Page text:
Category Archives: Literature

Using ancient myths to teach universal truths.

D'Aulaire's Greek MythsMost home education curricula and book lists include fairy tales and myths. There has been some discussion and disagreement about the place of these stories in a child’s education.

Dr Maria Montessori wanted children to be rooted in reality and to that end she felt there should be some caution in the use of myth and fairy tale with children, particularly the very young.

Now, I too would probably not read Andrew Lang’s Blue Fairy Book to very young children, for the simple reason it would be too much, but I believe that myth and story have a very important place in children’s development and culture. I would also steer clear of the overly sweet and dumbed down versions poured out of publishers for undermining of children’s faculties.

In one of her less well known works Montessori wrote

Educationsists in general agree that imagination is important, but they would have it cultivated as separate from intelligence, just as they would separate the latter from the activity of the hand. They are vivisectionsists of the human personality. In the school they want children to learn dry facts of reality, while their imagination is cultivated by fairy tales, concerned with a world that is certainly full of marvels, but not the world around them in which they live. Certainly these tales have impressive factors which move the childish mind to pity and horror, for they are full of woe and tragedy, of children who are starved, ill-treated, abandoned, and betrayed. Just as adults find pleasure in tragic drama and literature, these tales of goblins and monsters give pleasure and stir the child’s imagination, but they have no connection with reality.

I agree that educationalists from the 19th century onwards have been vivisectionists of the personality; in fact I would say of the person, but I disagree with her statement that fairy tales have no connection with reality.   The golden core of the ancient myths and fairy tales is true and that’s why they have endured throughout human history.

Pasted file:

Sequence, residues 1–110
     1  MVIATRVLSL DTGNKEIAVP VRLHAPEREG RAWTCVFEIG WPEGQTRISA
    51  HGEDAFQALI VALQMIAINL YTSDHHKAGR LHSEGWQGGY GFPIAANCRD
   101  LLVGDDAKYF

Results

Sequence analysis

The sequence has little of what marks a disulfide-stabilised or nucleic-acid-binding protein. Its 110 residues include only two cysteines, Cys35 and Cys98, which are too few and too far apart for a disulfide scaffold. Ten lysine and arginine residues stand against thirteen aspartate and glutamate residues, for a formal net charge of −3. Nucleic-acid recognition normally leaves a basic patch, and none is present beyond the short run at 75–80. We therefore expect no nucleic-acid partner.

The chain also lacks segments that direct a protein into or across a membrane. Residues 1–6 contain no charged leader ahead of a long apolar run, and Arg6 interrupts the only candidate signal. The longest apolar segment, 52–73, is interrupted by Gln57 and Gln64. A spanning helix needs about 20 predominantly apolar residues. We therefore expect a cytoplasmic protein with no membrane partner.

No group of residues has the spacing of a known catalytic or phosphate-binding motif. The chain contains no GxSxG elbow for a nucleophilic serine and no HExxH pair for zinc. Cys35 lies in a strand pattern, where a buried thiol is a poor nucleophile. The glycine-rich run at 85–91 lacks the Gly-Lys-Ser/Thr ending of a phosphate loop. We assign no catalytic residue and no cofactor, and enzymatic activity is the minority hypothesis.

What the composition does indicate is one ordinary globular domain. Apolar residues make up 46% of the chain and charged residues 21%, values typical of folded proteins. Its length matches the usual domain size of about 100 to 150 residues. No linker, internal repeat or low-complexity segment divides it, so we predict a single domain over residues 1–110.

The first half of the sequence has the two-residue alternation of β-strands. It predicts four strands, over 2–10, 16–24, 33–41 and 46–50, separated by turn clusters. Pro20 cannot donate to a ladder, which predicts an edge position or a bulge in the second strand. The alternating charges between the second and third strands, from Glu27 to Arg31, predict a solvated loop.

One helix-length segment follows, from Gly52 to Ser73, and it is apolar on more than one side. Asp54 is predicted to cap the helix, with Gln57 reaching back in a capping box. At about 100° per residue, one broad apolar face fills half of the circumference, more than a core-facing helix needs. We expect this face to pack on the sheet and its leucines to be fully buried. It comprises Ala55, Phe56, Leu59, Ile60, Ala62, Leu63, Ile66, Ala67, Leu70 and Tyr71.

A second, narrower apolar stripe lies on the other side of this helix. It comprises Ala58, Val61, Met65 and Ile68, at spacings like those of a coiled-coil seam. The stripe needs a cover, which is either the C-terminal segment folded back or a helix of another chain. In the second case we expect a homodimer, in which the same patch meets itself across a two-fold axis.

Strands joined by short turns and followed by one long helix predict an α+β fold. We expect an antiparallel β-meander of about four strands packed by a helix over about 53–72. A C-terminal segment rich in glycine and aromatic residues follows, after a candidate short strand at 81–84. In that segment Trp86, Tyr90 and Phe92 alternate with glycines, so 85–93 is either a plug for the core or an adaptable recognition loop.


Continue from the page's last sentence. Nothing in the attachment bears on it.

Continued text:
We are designed to long for truth even if we aren’t too sure where to find it.

Charlotte Mason insisted on a literature rich curriculum in which the books were well written and respectful of the child’s intelligence and imagination. There was so separation for Mason or Montessori of the different thought processes in the child. Instead they both recognised a whole person (made in the image and likeness of God) and respected the inherent dignity of the child as a person.

From the safety of the great myths children (and adults for that matter) can explore the natural law. They can see the battle between good and evil and the courage to overcome fear. The ancient myths show flawed heroes and great good done by those heroes, often in the face of fickle gods who never seemed to have anyone’s best interest at heart. In these stories a child’s imagination is fed so that they can begin to think out the reasons for what is real. Children are natural philosophers.